The Iowa Hawkeyes (12-14, 3-10) face the Ohio State Buckeyes (21-5, 12-1) in a battle of the ‘eyes. It is a role reversal of sorts, as many expected Iowa to challenge for a top-4 spot in the Big Ten and Ohio State to meander in bottom half of the conference.
Ohio State has certainly looked the part on the back of Keita Bates-Diop. The junior swingman leads the conference in scoring at 20.2 points a game while adding a cool 9.0 rebounds and 1.5 assists. Deadspin wrote glowingly about the “multi-purpose offensive spear” in a piece loaded with his gifs from their road win against Purdue.
Chris Holtmann’s squad features three more guys averaging double-digits: another do-it-all forward in Jae’Sean Tate (12.7), point guard C.J. Jackson (12.5), and freshman big man Kaleb Wesson (10.8).
Despite the four double-digit scorers, Ohio State does not average many points per game due to a typically slow offense. Their 92 points against Iowa were topped only twice: against Robert Morris and The Citadel. Iowa’s 81 points against the Buckeyes were the fourth highest of any of their opponents. Only Gonzaga, North Carolina and Penn State scored more in three of OSU’s five losses.
In that vein, Iowa is going to have to continue their trend of trying to score as many points as possible. It seemed utterly inconceivable for Iowa to drop 93 on Michigan State earlier this week and it might take a similar offensive showing to come out of Value City Arena with a win.
Continue taking care of the ball: Iowa has been utterly fantastic at this the last couple weeks, Penn State game excepting. If Iowa is able to keep its turnovers around 10, it might just have a chance in this one.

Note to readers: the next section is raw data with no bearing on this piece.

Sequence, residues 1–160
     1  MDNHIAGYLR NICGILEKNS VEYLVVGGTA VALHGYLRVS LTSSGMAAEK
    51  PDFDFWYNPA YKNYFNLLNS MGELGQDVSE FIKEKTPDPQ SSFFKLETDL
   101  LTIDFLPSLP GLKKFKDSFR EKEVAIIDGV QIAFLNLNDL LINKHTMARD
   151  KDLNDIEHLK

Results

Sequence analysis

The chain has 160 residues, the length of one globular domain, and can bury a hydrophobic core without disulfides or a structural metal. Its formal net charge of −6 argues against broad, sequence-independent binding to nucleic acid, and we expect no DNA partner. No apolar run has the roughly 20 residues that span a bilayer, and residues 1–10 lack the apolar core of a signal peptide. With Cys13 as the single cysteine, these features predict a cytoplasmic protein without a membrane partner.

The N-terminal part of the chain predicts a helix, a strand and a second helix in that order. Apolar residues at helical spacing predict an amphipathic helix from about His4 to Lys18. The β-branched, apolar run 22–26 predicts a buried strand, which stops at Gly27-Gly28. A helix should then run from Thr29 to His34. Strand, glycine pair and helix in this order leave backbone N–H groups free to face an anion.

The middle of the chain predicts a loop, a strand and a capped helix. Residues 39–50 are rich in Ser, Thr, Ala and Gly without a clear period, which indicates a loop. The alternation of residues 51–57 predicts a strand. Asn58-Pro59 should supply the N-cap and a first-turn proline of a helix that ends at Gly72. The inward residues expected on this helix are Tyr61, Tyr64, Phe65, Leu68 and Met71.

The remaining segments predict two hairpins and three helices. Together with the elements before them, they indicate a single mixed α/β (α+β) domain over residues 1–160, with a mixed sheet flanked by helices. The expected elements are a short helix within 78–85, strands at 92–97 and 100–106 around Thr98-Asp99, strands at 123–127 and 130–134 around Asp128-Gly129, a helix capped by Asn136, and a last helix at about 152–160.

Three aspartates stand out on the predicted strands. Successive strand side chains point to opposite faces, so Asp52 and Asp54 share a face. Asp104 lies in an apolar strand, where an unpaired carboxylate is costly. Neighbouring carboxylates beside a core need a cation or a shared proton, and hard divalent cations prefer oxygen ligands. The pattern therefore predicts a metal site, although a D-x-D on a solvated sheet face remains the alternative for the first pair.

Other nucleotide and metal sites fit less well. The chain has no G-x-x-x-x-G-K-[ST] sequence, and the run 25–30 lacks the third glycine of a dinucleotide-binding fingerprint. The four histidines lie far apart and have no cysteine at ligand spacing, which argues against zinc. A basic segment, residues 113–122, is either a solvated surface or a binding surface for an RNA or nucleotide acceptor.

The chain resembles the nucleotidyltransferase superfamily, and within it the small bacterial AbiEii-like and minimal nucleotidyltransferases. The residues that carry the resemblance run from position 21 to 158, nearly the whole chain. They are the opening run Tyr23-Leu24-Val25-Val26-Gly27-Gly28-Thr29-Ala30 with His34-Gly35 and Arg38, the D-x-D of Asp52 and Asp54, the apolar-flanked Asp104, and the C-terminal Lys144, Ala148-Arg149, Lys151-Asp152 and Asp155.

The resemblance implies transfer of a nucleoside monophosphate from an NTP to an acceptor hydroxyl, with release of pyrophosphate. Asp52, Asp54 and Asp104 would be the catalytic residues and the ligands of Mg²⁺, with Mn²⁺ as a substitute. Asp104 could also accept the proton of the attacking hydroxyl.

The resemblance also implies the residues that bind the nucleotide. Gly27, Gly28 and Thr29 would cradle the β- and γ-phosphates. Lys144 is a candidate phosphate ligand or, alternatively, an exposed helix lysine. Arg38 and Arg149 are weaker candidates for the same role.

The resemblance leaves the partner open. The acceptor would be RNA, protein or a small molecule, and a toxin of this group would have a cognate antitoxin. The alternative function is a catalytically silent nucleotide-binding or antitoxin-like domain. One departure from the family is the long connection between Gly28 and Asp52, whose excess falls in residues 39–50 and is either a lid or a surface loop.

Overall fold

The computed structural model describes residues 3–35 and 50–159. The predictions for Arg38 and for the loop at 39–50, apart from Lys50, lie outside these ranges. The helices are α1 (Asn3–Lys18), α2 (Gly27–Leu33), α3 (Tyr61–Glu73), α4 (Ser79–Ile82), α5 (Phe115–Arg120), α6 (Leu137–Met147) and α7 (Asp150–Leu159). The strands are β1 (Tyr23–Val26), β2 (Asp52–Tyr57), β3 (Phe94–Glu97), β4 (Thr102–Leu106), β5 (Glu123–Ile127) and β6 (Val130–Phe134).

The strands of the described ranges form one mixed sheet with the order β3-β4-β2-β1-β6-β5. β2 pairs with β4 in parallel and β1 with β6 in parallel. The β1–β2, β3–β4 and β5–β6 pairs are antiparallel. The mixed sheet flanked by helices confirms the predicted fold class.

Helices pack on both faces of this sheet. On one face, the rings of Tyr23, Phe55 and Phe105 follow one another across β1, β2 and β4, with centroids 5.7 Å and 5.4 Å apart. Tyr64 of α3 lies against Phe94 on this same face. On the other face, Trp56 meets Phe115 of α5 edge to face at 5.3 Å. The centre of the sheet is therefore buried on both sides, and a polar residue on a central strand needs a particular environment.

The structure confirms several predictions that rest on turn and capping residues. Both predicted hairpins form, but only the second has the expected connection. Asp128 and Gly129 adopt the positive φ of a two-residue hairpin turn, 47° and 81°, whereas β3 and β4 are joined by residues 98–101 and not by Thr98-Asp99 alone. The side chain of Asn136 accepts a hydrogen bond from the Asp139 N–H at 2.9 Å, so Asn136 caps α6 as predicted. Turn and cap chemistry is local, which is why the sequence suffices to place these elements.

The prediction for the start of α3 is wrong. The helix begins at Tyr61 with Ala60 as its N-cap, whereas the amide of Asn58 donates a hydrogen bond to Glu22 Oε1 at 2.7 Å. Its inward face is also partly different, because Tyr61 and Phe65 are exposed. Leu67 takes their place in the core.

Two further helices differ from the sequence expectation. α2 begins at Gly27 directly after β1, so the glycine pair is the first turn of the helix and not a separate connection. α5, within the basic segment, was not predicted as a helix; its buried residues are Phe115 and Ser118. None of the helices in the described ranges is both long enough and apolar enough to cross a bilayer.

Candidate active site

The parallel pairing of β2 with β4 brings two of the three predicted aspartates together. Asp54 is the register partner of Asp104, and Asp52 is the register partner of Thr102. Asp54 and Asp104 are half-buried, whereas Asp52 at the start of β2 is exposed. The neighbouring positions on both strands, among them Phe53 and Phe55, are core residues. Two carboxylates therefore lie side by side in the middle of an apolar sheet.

Similarly, Iowa has been much more pass-oriented of late - again excepting the Nittany Lions - with 20 or more assists in four of the last five games. This team is highly-skilled and finding open men usually leads to baskets. Iowa’s effective FG% of 54.5% is top 50 in the country.
Get it to the big dogs, let them eat: Tyler Cook, Luka Garza, and Cordell Pemsl are all shooting a shade under 60% from the floor. This is because Iowa has been able to isolate them against mismatches and let them get baskets. Those three have also done a better job of hitting the glass and manufacturing offensive touches. The three combine for nearly 7 offensive boards a game.
Additionally, the trio has forced the defense’s hand and regularly puts opponents in foul trouble. Cook and Garza draw well over 6 fouls per 40 minutes and Pemsl is at a healthy 4.8. Getting Bates-Diop, Tate, and Wesson in foul trouble could go a long way in evening the matchup in Iowa’s favor.
Make timely plays: If Iowa is lucky enough to keep this game close in the waning minutes of the game, they’ll need to continue whatever they’ve done to get to that point. It means not stagnating the offense as well as maintaining energy on defense. Though Iowa only forced 10 turnovers on Michigan State, six of them were live ball steals which initiated transition basketball. They also did yeoman’s work on the defensive glass and limited the Spartans to seven offensive rebounds.
Iowa yielded 10 offensive boards to Ohio State the first time around, many of them early, which allowed the Buckeyes to build a double-digit lead within the first 10 minutes. Iowa can’t allow them to pull away early as the home-court advantage does not lie in their favor.
The Hawks showed much more heart in their loss to Michigan State than any game prior. If they come out with the same energy and pride, they might just give themselves a chance.